The greatest horror monsters, from Dracula to xenomorphs

Every horror movie has some form of antagonist, and one of the most common is a monster. Large, grotesque and violent creatures are easy to build around a film because they represent unparalleled horror for the protagonists and their friends. These beings are usually a physical manifestation of the film’s theme and will pursue them relentlessly, becoming unrelated evil. Nothing can reason with him, nothing can stop him, and he will impose his will on anything he touches. Although monsters have appeared in many films, the best monsters correspond to the central question posed by a film. In terms of film and story impact, not all monsters are created equal.

Also, this focuses on pure horror movies and not movies in general, so a lot of monsters, including Godzilla, had to be left out. More so, it’s not to say which one is necessarily the scariest, but how they impacted their film and their genre.

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5/5 Bride of Frankenstein doubles the theme of the original

This entry counts as two in one because Frankenstein’s monster and the bride go together. Elevate the Universal Monsters franchise, Frankenstein and Bride of Frankenstein focusing on central themes of forbidden knowledge and abominations, but subverting expectations with themes of identity. Frankenstein’s monster, which is the product of an unimaginable experiment, is already a runaway monster but is also smart enough to know that he is an abomination among people. Frankenstein, who has abandoned his ambitions to reanimate life, is brought back to make a companion for his rejected creation.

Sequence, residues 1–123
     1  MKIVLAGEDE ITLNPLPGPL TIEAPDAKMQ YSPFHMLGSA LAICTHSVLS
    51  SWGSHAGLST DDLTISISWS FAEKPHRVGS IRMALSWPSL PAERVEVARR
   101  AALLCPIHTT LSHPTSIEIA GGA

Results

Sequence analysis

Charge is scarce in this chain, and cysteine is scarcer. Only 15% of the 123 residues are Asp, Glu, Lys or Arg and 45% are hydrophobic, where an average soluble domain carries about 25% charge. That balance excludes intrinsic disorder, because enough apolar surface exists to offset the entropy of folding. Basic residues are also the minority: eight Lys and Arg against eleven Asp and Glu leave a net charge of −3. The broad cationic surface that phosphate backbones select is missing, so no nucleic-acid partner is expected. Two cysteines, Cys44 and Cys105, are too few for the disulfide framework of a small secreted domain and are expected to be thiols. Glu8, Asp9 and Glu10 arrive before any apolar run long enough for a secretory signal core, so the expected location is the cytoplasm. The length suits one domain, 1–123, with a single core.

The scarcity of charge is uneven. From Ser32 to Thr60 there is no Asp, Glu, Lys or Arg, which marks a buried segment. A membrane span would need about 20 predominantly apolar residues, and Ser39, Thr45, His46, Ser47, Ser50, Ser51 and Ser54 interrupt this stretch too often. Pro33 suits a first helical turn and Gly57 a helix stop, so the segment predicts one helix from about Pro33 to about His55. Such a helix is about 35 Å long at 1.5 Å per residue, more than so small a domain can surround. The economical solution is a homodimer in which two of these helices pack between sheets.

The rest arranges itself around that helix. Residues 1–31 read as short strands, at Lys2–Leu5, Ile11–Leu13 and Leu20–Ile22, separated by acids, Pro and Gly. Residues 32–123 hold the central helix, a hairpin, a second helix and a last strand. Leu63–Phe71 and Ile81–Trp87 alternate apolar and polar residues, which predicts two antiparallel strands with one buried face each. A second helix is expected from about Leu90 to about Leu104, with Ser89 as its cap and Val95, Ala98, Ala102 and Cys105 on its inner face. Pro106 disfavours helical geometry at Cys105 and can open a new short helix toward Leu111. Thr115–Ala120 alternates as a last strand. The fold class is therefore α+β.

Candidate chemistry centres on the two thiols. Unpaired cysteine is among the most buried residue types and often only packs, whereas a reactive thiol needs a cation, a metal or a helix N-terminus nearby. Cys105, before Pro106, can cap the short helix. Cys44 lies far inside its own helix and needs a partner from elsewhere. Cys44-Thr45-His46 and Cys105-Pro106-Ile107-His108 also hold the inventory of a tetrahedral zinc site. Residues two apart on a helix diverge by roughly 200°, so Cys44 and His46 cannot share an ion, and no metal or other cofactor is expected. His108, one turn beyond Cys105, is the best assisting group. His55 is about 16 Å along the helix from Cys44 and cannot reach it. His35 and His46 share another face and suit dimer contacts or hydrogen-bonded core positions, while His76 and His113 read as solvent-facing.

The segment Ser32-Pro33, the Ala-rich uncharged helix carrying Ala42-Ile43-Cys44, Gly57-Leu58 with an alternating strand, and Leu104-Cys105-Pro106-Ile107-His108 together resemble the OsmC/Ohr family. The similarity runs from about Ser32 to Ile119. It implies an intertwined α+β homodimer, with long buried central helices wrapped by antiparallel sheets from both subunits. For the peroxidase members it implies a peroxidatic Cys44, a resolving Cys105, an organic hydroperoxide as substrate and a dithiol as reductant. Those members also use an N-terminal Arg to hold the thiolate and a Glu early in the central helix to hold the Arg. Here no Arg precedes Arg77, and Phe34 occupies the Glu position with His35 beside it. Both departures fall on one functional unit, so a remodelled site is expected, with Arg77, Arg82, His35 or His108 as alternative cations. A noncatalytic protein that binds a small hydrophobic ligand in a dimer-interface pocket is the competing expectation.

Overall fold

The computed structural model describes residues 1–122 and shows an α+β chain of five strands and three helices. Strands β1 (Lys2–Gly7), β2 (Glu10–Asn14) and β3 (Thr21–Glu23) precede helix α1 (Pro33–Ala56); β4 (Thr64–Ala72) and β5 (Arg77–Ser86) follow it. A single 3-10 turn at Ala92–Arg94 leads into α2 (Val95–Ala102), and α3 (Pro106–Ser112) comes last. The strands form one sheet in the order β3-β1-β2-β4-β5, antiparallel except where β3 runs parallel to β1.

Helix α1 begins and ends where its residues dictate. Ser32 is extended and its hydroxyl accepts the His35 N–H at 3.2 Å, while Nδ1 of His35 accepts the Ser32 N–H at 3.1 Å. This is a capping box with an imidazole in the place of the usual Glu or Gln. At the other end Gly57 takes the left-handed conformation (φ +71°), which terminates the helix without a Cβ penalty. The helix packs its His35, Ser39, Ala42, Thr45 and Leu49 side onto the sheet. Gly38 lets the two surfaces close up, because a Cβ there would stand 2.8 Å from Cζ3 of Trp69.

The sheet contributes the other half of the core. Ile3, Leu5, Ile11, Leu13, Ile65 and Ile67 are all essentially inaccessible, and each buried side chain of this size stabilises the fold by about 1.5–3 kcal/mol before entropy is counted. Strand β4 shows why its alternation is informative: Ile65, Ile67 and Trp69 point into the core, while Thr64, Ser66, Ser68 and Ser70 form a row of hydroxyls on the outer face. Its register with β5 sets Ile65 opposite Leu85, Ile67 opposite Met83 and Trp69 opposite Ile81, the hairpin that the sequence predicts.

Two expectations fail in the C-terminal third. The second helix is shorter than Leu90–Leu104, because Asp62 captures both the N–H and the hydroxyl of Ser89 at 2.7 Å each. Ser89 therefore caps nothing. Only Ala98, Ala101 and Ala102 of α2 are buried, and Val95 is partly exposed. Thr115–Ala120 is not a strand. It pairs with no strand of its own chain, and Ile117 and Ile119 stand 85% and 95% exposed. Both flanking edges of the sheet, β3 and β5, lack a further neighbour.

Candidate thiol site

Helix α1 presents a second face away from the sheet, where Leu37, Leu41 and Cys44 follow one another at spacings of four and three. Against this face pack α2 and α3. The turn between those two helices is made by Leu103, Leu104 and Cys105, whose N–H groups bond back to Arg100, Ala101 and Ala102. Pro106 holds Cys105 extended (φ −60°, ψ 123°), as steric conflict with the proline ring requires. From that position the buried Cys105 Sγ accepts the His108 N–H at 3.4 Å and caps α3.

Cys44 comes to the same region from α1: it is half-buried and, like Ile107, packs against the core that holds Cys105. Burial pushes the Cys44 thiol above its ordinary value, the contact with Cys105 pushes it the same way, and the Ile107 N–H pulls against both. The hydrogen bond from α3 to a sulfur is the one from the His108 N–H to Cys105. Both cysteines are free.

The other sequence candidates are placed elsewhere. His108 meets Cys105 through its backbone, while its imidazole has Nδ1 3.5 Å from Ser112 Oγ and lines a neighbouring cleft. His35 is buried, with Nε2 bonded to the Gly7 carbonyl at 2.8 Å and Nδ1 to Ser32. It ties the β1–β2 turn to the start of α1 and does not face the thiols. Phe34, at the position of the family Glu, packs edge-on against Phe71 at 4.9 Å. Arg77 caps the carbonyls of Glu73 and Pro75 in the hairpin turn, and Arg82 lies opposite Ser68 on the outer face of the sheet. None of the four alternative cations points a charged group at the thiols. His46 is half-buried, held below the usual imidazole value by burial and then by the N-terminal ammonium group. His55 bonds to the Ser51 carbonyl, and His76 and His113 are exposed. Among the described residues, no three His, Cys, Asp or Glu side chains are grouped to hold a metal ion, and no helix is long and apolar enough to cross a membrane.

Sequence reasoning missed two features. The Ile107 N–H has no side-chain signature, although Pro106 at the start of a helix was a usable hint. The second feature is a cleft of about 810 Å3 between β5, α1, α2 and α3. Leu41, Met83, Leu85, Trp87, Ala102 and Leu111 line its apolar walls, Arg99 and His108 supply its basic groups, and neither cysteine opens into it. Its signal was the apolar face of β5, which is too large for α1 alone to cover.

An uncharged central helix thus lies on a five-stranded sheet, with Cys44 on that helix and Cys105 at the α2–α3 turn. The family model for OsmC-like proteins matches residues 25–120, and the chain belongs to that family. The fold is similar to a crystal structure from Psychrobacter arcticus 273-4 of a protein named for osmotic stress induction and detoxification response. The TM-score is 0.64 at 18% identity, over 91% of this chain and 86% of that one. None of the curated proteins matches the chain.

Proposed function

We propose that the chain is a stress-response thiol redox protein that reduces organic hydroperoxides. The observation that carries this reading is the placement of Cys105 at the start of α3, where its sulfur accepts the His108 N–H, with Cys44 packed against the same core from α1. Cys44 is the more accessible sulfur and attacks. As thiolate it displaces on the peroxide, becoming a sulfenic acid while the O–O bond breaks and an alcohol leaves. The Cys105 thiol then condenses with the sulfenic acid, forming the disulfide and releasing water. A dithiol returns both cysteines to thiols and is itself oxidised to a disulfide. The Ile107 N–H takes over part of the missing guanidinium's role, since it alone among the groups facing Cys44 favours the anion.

Recreating the same setup but with a different goal, Frankenstein’s Monster hopes to find a friend. When creating the bride, with an inhuman scream that pierces every scene she finds herself in, the monster tries to connect with her. Although she is a monster herself, she instantly rejects him and screams in horror. The idea of ​​identity plays a big role in this film, and once thrown off by his idea of ​​a kindred spirit, he realizes that no matter who was created or who is normal, he will always be seen as a monster. While not necessarily terrifying monsters, the ideas the two bring up have far more impact after viewing than normal.

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4/5 The xenomorph is legitimately terrifying

Very few movie monsters are as feared as the Xenomorph. From Extraterrestrial franchise, the Xenomorph is a large and powerful parasitic alien that hunts its prey relentlessly. The jet-black alien is known for its life cycle, starting with Face-Huggers that impregnate a victim and, after a brief gestation period, will sprout from the host’s chest and grow into a six- to seven-foot monster. tall with incredible strength and stealth. The Xenomorph is both an allegory of rape and a relentless predator that exists to kill and extend its life cycle.

The design and function of the Xenomorph increases terror at elite levels. Everything about the alien is designed to kill. It’s incredibly strong but, at the same time, fast and stealthy. He has a second mouth that can pierce skulls and armor, and a barbed tail that is strong enough to lift anything heavier than him. Even when killed, his blood is very acidic and can still kill. With its surly and hostile disposition, the Xenomorph always creates a tense environment that always gives the impression of hiding.

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3/5 The thing creates incredible tension